Commodities A Go Go

A company called ETF Securities, who among other things is the issuer of the Brent Oil Security (OILB.L) traded in London, has filed for 29 new commodity based ETFs, 29 of them. They will trade in London but should be available through brokerage firms in the US that offer access to foreign traded securities. There are two types of ETFs in this batch, one will be individual commodities and the other will be commodity baskets. Single Commodities Aluminum Coffee Copper Corn Cotton Crude Gasoline Gold Heating oil Lean Hogs Live cattle Nat Gas Nickel Silver Soybean Oil Soybeans Sugar Wheat Zinc Commodity Baskets All Commodities Agriculture Energy Ex-energy Grains Industrial metals Livestock Petroleum Precious Metals Softs (I assume this means soft commodities) Zowie. This is a double edged sword. In general I am all for having the choice of being able to access narrow themes like these but there will be people that use them incorrectly and hurt themselves because of it. It is not clear to me that too many do-it-yourselfers need to separate nickel from zinc. The industrial metal ETF will be a great tool for capturing the early stages of future economic recoveries and expansions. Some aspect of industrial metals are present in some of the current commodity products already out there but isolating this one part offers some appeal. Another basket that makes a good first impression (conceptually anyway) is the Soft Commodity basket which I assume will be sugar, soybeans, coffee, maybe rice and a couple of others-of course this might be the Agriculture basket instead (not much detail yet) but either way access...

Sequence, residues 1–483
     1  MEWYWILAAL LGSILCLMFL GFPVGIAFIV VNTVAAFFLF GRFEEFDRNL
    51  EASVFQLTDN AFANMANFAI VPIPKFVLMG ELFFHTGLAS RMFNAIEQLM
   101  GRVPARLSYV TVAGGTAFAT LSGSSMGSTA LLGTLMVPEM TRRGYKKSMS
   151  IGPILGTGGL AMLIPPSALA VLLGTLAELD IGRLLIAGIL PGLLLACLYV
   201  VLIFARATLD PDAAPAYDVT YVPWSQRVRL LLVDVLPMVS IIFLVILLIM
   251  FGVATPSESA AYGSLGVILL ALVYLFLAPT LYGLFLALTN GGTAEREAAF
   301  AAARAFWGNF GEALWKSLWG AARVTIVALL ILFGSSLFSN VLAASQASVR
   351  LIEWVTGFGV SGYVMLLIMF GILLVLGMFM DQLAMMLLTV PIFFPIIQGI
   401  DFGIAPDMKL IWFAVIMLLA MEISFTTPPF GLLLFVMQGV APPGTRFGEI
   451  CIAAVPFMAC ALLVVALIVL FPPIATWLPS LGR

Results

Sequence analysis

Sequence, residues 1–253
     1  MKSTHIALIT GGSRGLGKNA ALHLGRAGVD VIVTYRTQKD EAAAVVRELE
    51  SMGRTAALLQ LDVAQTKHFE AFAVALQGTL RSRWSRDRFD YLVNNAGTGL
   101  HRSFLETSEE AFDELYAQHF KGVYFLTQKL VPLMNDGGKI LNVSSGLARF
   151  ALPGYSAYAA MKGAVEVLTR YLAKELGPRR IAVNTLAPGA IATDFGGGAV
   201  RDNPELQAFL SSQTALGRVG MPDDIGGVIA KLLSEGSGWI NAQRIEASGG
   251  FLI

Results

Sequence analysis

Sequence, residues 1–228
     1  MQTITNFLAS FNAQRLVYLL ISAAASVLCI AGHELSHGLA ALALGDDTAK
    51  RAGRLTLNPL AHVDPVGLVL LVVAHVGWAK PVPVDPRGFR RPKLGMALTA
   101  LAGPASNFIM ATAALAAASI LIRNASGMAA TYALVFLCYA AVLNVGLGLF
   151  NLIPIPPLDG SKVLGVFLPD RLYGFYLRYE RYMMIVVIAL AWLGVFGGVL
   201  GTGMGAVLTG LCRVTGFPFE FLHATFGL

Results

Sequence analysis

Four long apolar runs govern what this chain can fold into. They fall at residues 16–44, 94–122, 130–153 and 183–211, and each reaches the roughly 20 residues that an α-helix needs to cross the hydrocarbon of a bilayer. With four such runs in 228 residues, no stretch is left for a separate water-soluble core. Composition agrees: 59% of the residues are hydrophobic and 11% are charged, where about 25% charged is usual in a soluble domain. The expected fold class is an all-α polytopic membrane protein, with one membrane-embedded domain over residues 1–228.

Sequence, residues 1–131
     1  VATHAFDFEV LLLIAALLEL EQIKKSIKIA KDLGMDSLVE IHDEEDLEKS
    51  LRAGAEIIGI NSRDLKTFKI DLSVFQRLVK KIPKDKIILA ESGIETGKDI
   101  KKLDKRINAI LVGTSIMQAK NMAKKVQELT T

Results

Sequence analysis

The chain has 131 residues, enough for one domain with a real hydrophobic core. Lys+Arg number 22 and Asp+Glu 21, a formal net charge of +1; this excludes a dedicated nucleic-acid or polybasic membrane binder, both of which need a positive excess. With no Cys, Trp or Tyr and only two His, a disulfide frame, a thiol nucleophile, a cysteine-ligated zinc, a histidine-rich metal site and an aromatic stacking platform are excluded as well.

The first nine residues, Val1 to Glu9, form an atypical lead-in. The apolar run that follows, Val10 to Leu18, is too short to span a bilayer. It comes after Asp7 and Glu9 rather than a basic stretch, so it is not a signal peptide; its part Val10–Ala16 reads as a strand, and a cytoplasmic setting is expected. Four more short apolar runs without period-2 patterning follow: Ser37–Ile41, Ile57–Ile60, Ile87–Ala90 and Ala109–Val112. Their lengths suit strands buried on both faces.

Lots Of Chatter

There were a lot of comments left yesterday on the When To Go Back In post. It seemed like there was a fair bit of indecision, people questioning themselves, questioning me and readers seeking out new ideas. All of these are valid. One reader asks how many people are ahead of buy and hold this year. Great question. It may not be the right question however. First it speaks to not trading too much or too nimbly. Over trading usually is not the best thing. Over time tweaks need to be made. The reason may be a good one like a stock may have been a home run, is now too big and needs some trimming or it may be a bad reason like you were wrong. In a diversified portfolio there will be some of both. Even if you only make four changes a year not all of them will be correct. At 1304 the S&P 500 is up 4.29% plus dividends. Work with me here and assume every one benchmarks to this index. Chances are half the people are ahead and half are behind the index YTD. Next year it will not be the same half ahead. Some of those who are beating the market this year will beat it again next year and some will not. What matters is whether what you are doing gives you a reasonable chance to meeting your goal pursuant, hopefully, to some sort of plan you have saved in a spread sheet somewhere. If you beat the market last year by two points and you lag it this year by two...

When To Go Back In